Liver biopsy specimens from adults with NAFLD undergoing liver biopsy as part of routine clinical practice (n = 9) or subjects undergoing bariatric surgery (n = 4) were stored in RNAlater (Ambion, Austin, TX) at 4°C for 12 hours before being frozen at −80°C. Patients undergoing bariatric surgery had liver biopsies using a 16-G core biopsy needle (Bard Biopsy Systems, Tempe, AZ). Subjects with liver biopsies demonstrating <5% hepatic steatosis were labeled controls (n = 8).

NAFLD and control liver biopsies were homogenized and total RNA was extracted with TRI Reagent (Ambion) according to the manufacturer's protocols. First-strand cDNA synthesis was performed from 70 ng total RNA using the Quantitect Reverse Transcription kit (Qiagen, Valencia, CA). Primers were designed using NCBI Primer Design and Primer3 (detailed in Supporting Table 2). Primer efficiency was between 97%-99%. Real-time polymerase chain reaction (PCR) was performed in a Rotorgene 3000 cycler (Qiagen, Australia) in a 10-μL reaction. Each 10-μL PCR reaction contained 2 μL of complementary DNA (cDNA) template, 1 μL of 10× ImmoBuffer, 0.05 μL IMMOLASE DNA Polymerase (Bioline, Alexandria, NSW, Australia), 2 mM MgCl2, 0.2 μL of 10 mM dNTP mix, 0.3 μM of each primer, 0.1 μL of 20× EvaGreen dye (Biotium, Hayward, CA), and deionized sterile water. Gene expression data were normalized to three stably expressed endogenous reference genes: hypoxanthine phosphoribosyltransferase-1 (HPRT1), succinate dehydrogenase complex subunit-A flavoprotein (SDHA), and peptidylprolyl isomerase-A (PPIA).19 Single product amplification was confirmed by melt curve analysis.

Table 2. Leading SNPs Associated With Adolescent NAFLD Identified by GWAS
SNPChromosomePosition (Mb)LocationGeneMajor/ Minor AllelesMAFOdds RatioStandard ErrorP
  1. MAF, minor allele frequency; LPPR4, lipid phosphate phosphatase-related protein type 4; GC, genome-specific component (encodes vitamin D binding protein); LCP1, lymphocyte cytosolic protein-1; SLC38A8, solute carrier family 38 member 8.

rs12743824199.6IntergenicLPPR4A/C0.4412.301.204.82x10-6
rs222054472.8IntergenicGCG/C0.3012.541.211.20x10-6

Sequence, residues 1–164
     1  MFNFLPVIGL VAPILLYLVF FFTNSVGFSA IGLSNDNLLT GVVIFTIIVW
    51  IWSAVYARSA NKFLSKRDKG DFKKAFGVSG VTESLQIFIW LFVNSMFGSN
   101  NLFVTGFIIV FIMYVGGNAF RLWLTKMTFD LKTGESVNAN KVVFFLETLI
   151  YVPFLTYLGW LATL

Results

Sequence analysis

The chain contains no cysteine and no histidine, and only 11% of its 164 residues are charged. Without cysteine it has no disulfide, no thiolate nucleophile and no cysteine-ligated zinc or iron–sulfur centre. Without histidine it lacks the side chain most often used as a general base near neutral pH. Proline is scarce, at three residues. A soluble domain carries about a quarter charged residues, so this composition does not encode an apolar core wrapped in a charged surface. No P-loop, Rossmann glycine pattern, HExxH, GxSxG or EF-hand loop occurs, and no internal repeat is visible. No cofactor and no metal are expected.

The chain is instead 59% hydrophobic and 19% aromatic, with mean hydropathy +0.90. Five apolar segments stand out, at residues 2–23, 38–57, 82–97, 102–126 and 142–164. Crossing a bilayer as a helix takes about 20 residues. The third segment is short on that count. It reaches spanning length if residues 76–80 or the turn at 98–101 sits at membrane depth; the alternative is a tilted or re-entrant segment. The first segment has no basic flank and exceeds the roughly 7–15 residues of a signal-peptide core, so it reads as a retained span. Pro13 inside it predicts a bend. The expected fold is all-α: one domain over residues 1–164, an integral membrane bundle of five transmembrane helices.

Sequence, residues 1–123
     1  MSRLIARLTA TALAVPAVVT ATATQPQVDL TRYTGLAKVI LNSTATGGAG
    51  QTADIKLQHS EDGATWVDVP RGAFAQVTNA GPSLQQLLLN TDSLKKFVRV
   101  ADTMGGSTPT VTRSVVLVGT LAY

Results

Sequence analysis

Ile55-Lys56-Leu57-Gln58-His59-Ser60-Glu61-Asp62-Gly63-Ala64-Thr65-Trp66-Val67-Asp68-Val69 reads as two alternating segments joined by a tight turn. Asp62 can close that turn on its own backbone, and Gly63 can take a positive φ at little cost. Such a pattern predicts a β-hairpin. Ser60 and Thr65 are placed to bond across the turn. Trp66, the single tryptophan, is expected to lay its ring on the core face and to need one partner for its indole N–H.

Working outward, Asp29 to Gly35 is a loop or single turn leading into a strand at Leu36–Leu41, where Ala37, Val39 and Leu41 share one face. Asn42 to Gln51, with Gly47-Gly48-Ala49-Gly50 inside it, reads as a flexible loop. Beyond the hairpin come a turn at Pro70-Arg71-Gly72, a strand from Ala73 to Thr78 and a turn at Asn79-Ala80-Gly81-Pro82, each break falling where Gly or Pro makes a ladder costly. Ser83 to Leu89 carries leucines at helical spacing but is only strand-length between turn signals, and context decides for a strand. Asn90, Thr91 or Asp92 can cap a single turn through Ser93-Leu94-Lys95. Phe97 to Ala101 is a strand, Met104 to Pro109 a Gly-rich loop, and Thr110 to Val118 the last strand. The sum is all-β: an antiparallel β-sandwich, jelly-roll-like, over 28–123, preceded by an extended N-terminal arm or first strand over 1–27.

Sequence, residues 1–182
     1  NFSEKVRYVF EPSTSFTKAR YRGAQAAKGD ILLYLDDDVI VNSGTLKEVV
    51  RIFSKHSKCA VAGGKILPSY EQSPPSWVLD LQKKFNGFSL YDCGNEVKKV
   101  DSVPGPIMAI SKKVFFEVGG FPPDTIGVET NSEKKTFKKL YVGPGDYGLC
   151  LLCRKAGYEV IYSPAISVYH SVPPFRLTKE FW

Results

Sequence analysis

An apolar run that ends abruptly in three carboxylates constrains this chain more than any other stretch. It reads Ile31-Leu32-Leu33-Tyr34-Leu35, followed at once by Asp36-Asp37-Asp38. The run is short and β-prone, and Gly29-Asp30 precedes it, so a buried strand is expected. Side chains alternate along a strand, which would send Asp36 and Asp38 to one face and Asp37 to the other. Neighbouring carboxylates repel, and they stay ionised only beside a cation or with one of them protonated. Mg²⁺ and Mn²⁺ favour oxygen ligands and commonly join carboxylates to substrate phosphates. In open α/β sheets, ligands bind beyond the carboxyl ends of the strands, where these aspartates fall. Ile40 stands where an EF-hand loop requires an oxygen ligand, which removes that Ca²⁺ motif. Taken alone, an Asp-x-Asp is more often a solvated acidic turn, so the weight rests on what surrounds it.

rs73248451345.6IntronLCP1G/A0.0963.291.292.96x10-6
rs118641461682.6IntronSLC38A8G/A0.1003.141.271.86x10-6

Human VDBP Serum Levels.

Subjects with biopsy-proven NAFLD (n = 74) and healthy controls (n = 19) had fasting serum samples stored at −80°C. Subjects with NAFLD underwent liver biopsy as part of routine clinical management or at the time of bariatric surgery. Normal controls were healthy volunteers recruited from the community with normal serum liver biochemistry and hepatic ultrasound examinations. Serum was analyzed for VDBP levels using an enzyme-linked immunosorbent assay (ELISA; R&D Systems, Minneapolis, MN). The severity of hepatic steatosis on liver biopsy samples was graded 1-3, inflammation was graded 0-2, and fibrosis was staged 0-4.20 Normal controls were graded as zero.

All adult subjects donating either liver tissue or blood for characterization of gene expression had provided informed written consent for use of their biological samples for the purposes of research with approval by the Human Research Ethics Committee of Sir Charles Gairdner Hospital.

Statistical Analysis

Univariate comparisons of continuous demographic and biochemical variables with NAFLD status in the Raine Cohort were compared using Student's t test or Welch's one-way test if normally distributed and a Kruskal-Wallis test or the Wilcoxon rank sum test if the distribution was skewed. The association of binary variables with NAFLD status were assessed using the chi-square test or Fisher's exact test as appropriate for group sizes.

Multivariate models for risk of NAFLD were selected by: (1) identifying adiposity, blood pressure, liver-function, lipid-metabolism, and insulin-metabolism factors that were associated with NAFLD in univariate analyses (significance level 0.05); (2) using the backwards elimination technique (stepwise regression based on the likelihood ratio test) on the multivariate model which included factors identified in the previous step. Suprailiac skinfold thickness (SSF) had the strongest association with NAFLD risk compared to all other measures of adiposity. SSF was highly predictive of the risk of NAFLD in both males and females, such that no associations were detected between NAFLD and any other factors after adjustment for SSF. Adiposity factors were BMI, waist circumference, hip circumference, ratio of waist to hip circumference, weight and skinfold thicknesses for suprailiac, subscapular, tricep, and abdomen. Blood pressure factors were systolic and diastolic blood pressure and pulse rate. Liver function factors were bilirubin, γ-glutamyltransferase (GGT), alanine aminotransferase (ALT), aspartate aminotransferase (AST), and alkaline phosphatase (ALP). Lipid-metabolism factors were high-density lipoprotein (HDL), LDL, and triglycerides. Insulin-metabolic factors were fasting glucose, insulin, homeostasis model assessment of insulin resistance (HOMA-IR), and adiponectin.

Multivariate associations between each SNP and the dichotomous NAFLD diagnosis were assessed using logistic regression (under an additive genetic model), adjusting for adiposity (SSF), gender, and the first two principal components for ethnicity. The genome-wide analysis was performed using the MACH v. 1.0.16 software.17, 18 Results were quality checked for formatting errors, duplicate SNPs, and for the range (validity) of odds ratios, standard errors, and P-values. SNPs that were available for less than half of the analysis population were excluded. SNPs that reached a P-value threshold of less than 1 × 10−5 in the GWAS screen (n = 12 SNPs, representing four distinct genomic regions on four separate chromosomes) were considered for biological validation. Associations between the 12 most significant SNPs and the ultrasound-assessed severity scores for NAFLD were also assessed using Fisher's exact test.